These were the modest and intimate beginnings of his visual interests before he started going to museums and galleries. Acquiring his own perspective on the visual arts seems to have been a long, slow, and continuous process. Walking through exhibitions, he is seldom drawn to novelty, experiment, sensation, or a sense of a performed “event.” “The effort of an art critic,” he writes, “must be, in an era beset by a barrage of visual stimulants, mainly one of appreciation, of letting the works sink in as a painting hung on the wall of one’s home sinks in, never quite done with unfolding all that is in it to see.” His patient viewing of paintings, above all paintings from the time of our parents and grandparents and the generations before them, is for him like an escape, a conscious stepping back from the visual flickering that surrounds our daily life.
The dominating subject of the nineteen essays assembled in Still Looking is America; they show a passionate interest in the American landscape, in the faces and bodies of American men and women as they are reflected in art. This enthusiasm recalls at certain moments the rhapsodies of Walt Whitman, though Updike maintains his own tone of sophisticated elegance and of thoughtful distance. For a European reader, such as the writer of this review, Updike’s convinced yet ever so subtle Americanism is the particular attraction of his essays. “Nature His Only Instructor” is the proud title of the essay on John Singleton Copley, America’s first distinguished portrait painter, which contains some of the most thoughtful and reflective pages in the collection. On Copley’s portraits from his early American time we read:
Like an old-time studio photographer, Copley posed his clients in their best clothes and among props suggesting social aspiration; but, like the camera, he could not lie. The tricks of English glamorization were not in his American nature.
The proper American character and the unadorned truthfulness in the blunt presence of Copley’s New England sitters arouse and amuse the aesthetic but also the social interest of the novelist. He pauses before these portraits and waits: “If one attends sufficiently to the surfaces, the interior takes care of itself: this could be the moral of Copley’s American portraits.” In Copley’s later, more elaborate English work these virtues are less evident. Updike feels disappointed by this change and sees it as a loss. Art historians, with their concerns for formal analysis, which usually excludes judgments of taste, might speak here of stylistic development. But Updike is disturbed by the new, fashionable brilliance of Copley’s brushstrokes, and what he calls “the Englishing of John Singleton Copley” is “in some ways a disappointing process.” Still, in front of Copley’s most popular painting, Watson and the Shark, from 1778, he gives one of his subtly observant accounts:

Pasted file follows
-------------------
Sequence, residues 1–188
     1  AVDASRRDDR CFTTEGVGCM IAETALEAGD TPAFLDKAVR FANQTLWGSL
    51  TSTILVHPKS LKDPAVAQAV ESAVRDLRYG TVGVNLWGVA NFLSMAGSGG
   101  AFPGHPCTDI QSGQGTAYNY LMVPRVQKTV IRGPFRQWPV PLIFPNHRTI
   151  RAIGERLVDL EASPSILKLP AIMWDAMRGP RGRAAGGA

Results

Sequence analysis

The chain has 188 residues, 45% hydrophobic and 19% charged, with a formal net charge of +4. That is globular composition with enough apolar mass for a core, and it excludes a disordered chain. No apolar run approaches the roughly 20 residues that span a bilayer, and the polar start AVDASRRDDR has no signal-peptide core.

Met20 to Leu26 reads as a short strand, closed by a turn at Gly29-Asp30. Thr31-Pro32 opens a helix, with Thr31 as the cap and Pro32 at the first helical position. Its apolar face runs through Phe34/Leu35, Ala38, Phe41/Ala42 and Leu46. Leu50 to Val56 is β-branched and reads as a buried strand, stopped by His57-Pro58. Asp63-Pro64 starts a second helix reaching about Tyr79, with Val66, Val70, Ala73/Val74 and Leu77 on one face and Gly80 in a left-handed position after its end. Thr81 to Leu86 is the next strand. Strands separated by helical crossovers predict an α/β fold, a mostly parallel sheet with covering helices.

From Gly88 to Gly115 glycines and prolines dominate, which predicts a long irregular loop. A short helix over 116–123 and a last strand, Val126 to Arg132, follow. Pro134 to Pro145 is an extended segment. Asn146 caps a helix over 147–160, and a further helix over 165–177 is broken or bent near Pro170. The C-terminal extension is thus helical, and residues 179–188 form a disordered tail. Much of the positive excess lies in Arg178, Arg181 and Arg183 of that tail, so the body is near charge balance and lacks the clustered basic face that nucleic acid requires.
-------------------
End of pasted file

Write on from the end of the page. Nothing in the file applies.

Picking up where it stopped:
Watson, fourteen years old at the time of the actual incident—bathing in Havana Harbor, he was attacked by a shark, but was rescued—is naked, with the build of a mature man. He and the shark, who share the watery foreground in exactly equal proportions, both have similarly gaping mouths, and appear equally at a loss as to the next step in their relationship. Above them, a small boat has somehow not yet sunk under its load of nine alarmed passengers, who variously reach, stab, and stare. Above them, the harbor of Havana, which Copley took from prints, presents a towered silhouette under a sweeping Gainsboroughesque sky. Watson’s right leg, which was historically bitten off below the knee, discreetly trails off the painting’s lower edge; whether we are witnessing the shark’s assault or Watson’s rescue is unclear.
He then returns to the ambivalent interrelation between Copley’s original Americanism and his adopted “Englishing.” In Watson and the Shark, he writes, “American literalism meets European history-painting in a Gothic, virtually Boschian dream,” and he dwells on the revolutionary effects of this great and moving piece of American art, which became a landmark in the general evolution of history painting: “Romanticism was on the way. Copley’s placement of a black man…set a precedent not only for the black soldier in The Death of Major Peirson”—another of Copley’s history paintings—“but for the Negro figure in Géricault’s Raft of the Medusa (1817).”